experienced this discoloration on their property. The content of iron
seldom can be predicted. It differs from place to place and may also
vary with depth in the same location. Iron in water to be used for
public consumption can be removed by aeration and filtration. The
results for iron in table 3 represent iron in solution and do not in-








TABLE 3
Analyses of water from selected wells at Naples
(All results are in parts per million except those for color, pH, and specific conductance)


Well 76 Well 88 Well 99 Well 105 Well 111 Well 112


Silica (SiO,) ....................................
Iron (Pe)1 ........................................
Calcium (Ca) -....................................
Magnesium (Mg) .............................
Sodium (Na) ...................................
Potassium (K).............................
Carbonate (CO3) ..............................
Bicarbonate (HCOC ) ......................
Sulfate (S04) ...................................
Chloride (C1)...............................
Fluoride (F) .................................
Nitrate (NO ) .....................................
Dissolved solids ................................
Total hardness as CaCO, ................
Color ...................................................
pH .--.....---..---....----------------........... .----
Specific conductance
(micromhos at 25 C.) .................
Date of collection ..........................
Depth of sample (feet
below land surface) ....................
Aquifer ............................................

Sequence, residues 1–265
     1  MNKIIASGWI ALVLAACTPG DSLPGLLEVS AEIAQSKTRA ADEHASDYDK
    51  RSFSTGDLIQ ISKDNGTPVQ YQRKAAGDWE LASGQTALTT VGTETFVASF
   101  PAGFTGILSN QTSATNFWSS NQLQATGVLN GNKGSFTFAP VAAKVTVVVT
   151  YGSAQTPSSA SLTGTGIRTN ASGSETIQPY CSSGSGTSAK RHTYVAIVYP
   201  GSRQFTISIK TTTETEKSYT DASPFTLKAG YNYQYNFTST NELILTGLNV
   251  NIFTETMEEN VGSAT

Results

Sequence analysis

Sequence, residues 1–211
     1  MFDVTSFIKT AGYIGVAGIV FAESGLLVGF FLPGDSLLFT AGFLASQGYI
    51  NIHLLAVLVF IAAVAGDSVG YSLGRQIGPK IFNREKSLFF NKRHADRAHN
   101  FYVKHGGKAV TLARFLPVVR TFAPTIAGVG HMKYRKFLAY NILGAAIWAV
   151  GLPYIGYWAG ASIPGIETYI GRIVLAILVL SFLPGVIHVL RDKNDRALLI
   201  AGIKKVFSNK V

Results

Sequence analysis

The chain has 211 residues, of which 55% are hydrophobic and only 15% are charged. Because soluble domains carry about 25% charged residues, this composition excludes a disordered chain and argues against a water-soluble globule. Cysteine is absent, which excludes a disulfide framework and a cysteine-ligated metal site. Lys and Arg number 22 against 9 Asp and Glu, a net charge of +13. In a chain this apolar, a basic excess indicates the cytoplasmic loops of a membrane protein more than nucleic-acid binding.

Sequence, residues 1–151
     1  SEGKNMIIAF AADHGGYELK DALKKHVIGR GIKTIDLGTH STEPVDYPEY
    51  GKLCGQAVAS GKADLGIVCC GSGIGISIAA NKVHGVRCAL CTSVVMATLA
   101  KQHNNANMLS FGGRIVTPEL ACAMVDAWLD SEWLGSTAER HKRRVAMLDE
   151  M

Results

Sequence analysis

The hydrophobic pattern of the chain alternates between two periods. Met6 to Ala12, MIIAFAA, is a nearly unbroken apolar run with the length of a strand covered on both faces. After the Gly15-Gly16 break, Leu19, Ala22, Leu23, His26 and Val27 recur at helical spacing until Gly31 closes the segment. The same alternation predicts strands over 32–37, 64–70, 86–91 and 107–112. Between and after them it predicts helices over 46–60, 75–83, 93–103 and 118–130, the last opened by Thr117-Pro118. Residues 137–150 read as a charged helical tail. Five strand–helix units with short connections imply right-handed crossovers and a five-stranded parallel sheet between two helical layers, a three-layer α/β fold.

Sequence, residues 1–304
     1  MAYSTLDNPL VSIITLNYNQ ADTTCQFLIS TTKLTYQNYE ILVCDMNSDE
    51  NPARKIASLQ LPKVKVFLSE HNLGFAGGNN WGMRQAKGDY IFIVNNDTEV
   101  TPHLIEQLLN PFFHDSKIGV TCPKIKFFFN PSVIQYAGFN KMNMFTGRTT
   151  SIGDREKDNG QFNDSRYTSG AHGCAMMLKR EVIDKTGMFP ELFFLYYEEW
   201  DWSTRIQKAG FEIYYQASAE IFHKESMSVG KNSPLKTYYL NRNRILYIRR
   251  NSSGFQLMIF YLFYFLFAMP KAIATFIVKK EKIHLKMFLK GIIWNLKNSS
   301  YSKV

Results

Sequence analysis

7.2
2.3
117
27
309
6
0
300
45
558
0.1
1.2
1,370
402
160
7.5


2,250
Mar. 26, 1953

65
Artesian


7.8
1.9
102
30
273
6
0
250
56
508
0
1.1
1,230
378
110
7.4


2,040
Mar. 26, 1953

78
Artesian


8.7
2
134
9.1
172
1.5
0
250
24
368
0
1.1
967
372
110
7.4


1,580
Mar. 26, 1953

60
Artesian


............
1.9
92
6

68
0
224
17
142
............
0.5
............
254
120
7.5


821
Mar. 26, 1953

83
Artesian


9.4
0.04
62
4
10
0.5
0
206
6.5
12
0.4
0.5
220
171
27
7.9

332
Aug. 16, 1951

76
Artesian


12.0
0.48
61
3
7.7
0.8
0
198
6
10
0.2
0.6
212
164
26
7.6


316
Aug. 16, 1951

68
Artesian


0






C4
cI









TABLE 3- continued


Well 116 Well 116 Well 117 Well 117 Well 117 Well 118
F.G.S. W-3046* F.G.S. W-3046 F.G.S. W-3041 F.G.S. W-3041 F.G.S. W-3041 F.G.S. W-3040


Silica (SiO2) ..............................
Ir on ( m e Mg) ...............................
Ironi (Fe)c ....................................

Calcium (Ca ) ............................
Magnesium (Mg) .....................
Sodium (Na) ...............................
Potassium (K) ...........................
rbionate (C3O) ..............................
icarbonate (HCO) ..... .........
ulfate ( 4) ---------------------.........
(orie (Cl) ...................................
P ride (F) ....................................